Sunday, April 4, 2021

Whittling the book pile

When the pandemic first hit last year, my local library shut down for a few months. While I missed it, and I am very glad it has since resumed online reservations and curbside pickup, I knew I wouldn't lack for reading material in the meantime.

Aside from being a re-reader, one who's happy to dip into my collection of shelved books over and over, I also had That Pile. You may know the one; you may have your own version of it. The pile of books picked up here and there--at sales, book swaps, and so forth, or maybe received as gifts. For me, they're books I want to read, or at least wanted to when I first got them, but wasn't in the mood for right then. Or at any time since, though I believed the right mood would eventually arrive. That pile's existence never stopped me from acquiring new books, most of which I read before dipping into the older pile.

Over the past few years, as I've made a conscious effort to declutter, I finally faced the pile. I was even able to slowly dent it. But 2020 would be my chance to make real progress, I thought.

I'm not sure how many books were in that pile when I first started decluttering--maybe 50? Definitely more than 30. It wasn't even really "a" pile, but a few stacks. 

I'm happy to report that the pile is now down to eight books.

I made progress in three ways. One was by facing the fact that I was just never going to read some of them, and I let them go to better homes. For book cherishers, this action can seem impossible at first, but it got easier the more I did it. For the remaining books, I decided that their reading time had come! It was easier to pick up one of these long-unread books if I reminded myself that I could always put it down if I didn't like it after all. (After years of compulsively finishing books whether I wanted to or not, I've reached the point of allowing myself to abandon a book that isn't working for me. Life is short, and there are plenty of books out there.)

The other way I shrunk this pile was by making an effort not to add to it. To bring home only books that I wanted to read soon. Part of my decluttering involves keeping a list of new items that I bring into the house. I don't track perishables like groceries and toiletries, but only things that are meant to hang around for a long time, and that includes books (though not library books, which of course rotate in and out quickly). I don't have any special rules about numbers of items I want to acquire or get rid of. I don't have a one-in, one-out rule. The only reason I made the list was to be more mindful of what I get, to be more aware of what I acquire, to make sure I really want or need it. And that has been happening. I'm not reading fewer books; I'm just storing fewer unread ones.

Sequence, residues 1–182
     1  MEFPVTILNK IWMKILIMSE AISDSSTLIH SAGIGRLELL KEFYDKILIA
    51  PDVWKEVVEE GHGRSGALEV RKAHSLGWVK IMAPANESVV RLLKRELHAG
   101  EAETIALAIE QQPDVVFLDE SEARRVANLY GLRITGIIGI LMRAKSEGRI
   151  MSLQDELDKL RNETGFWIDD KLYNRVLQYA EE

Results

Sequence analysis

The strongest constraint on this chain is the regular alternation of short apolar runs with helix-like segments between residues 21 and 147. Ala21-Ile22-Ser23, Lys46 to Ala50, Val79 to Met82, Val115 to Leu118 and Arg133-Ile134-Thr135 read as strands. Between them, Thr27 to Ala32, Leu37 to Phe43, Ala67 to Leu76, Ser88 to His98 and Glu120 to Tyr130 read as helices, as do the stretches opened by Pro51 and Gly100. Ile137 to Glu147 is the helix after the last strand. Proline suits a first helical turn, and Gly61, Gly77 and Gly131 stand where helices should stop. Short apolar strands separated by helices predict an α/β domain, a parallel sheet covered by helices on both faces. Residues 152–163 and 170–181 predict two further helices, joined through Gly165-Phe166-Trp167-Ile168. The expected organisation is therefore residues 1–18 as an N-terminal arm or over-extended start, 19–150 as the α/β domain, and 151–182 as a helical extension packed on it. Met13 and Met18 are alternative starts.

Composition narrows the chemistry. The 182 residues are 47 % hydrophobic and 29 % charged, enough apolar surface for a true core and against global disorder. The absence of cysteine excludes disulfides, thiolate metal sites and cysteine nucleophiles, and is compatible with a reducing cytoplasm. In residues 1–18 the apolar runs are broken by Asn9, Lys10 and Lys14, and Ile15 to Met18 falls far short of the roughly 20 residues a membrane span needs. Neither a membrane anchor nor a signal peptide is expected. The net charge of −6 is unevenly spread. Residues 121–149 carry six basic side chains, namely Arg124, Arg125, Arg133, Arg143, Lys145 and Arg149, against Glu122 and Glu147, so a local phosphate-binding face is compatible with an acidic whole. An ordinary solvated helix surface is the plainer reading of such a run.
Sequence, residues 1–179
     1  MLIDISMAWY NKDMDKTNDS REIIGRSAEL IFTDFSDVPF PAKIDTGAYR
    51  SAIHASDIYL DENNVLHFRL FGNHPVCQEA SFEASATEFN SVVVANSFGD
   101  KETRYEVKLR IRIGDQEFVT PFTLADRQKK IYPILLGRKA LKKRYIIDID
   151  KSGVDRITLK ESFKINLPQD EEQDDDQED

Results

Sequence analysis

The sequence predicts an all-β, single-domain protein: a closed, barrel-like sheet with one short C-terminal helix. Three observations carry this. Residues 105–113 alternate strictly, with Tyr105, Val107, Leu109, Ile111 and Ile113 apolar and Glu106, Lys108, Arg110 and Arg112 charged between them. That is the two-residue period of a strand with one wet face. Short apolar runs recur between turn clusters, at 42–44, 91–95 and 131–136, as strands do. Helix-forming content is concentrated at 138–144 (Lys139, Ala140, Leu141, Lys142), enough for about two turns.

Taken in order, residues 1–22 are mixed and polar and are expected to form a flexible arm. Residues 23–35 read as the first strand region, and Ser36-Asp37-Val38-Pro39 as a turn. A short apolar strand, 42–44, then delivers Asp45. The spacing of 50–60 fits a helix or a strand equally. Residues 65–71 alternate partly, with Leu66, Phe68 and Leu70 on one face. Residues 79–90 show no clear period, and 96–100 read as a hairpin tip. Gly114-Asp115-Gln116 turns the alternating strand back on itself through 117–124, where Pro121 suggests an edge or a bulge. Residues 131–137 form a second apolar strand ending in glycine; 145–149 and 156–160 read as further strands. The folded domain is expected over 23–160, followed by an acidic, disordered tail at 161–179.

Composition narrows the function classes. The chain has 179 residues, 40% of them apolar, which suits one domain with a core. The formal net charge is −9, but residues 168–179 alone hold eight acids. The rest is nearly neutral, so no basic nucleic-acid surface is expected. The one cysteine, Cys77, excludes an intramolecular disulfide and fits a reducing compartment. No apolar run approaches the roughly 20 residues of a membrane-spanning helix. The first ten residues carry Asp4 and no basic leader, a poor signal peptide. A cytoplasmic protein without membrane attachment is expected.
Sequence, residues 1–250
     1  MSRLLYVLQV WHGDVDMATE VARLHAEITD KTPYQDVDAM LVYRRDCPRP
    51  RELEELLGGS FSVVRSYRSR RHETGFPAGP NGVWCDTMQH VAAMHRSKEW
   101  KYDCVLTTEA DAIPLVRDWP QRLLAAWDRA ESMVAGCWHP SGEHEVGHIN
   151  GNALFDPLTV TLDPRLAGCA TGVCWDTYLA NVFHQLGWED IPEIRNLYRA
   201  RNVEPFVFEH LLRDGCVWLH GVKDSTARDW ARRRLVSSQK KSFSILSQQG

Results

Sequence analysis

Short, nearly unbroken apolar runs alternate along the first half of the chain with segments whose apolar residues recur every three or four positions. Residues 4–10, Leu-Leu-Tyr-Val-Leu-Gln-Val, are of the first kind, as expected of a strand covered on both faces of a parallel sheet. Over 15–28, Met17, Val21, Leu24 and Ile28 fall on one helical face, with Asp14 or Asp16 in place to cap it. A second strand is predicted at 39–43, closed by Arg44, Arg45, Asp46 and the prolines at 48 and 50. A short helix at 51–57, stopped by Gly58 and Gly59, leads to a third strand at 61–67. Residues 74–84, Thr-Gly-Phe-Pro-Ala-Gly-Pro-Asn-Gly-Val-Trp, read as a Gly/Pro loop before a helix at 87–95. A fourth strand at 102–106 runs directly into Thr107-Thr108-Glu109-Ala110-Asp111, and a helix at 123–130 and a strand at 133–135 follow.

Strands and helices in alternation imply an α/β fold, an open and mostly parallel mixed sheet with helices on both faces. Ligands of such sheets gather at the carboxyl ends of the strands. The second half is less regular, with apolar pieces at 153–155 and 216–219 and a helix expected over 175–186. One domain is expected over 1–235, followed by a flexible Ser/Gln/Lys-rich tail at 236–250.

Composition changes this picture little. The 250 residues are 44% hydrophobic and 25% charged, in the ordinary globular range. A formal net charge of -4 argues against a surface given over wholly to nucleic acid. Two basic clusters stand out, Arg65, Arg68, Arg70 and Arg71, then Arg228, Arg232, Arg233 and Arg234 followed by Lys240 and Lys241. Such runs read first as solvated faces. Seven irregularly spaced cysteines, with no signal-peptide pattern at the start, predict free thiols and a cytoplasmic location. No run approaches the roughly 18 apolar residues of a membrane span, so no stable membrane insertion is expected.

Happy reading, whether you're tackling a new book or a not-so-new one!


Sunday, January 31, 2021

Small goals, and one thing Twitter is good for

A few years ago, when I was in a writing slump, I decided to set some very small, manageable goals. Goals that would be fun rather than onerous. One was to write at least 100 words a day in my journal. They didn't have to be special words, good words, interesting words. The point was just to keep my writing habit going, and to set such a low-pressure goal that anxiety and judgment and other obstacles couldn't get in the way. 

The other was to participate in Creative Nonfiction's #cnftweet challenge once a week. The challenge is to tell a true story in one tweet, including the hashtag #cnftweet. The Creative Nonfiction magazine publishes selected tweets in its newsletter and magazine. For me publication was a bonus but not the primary goal; for me the writing itself was the main thing. I'd been veering more and more toward nonfiction, and I have always loved flash and micro lengths, so this was a timely exercise. I also enjoy reading the other cnftweeters' contributions; it has become a sort of loosely defined, fluid online community. And it was a thrill to have several of my tweets make it into issues of the magazine.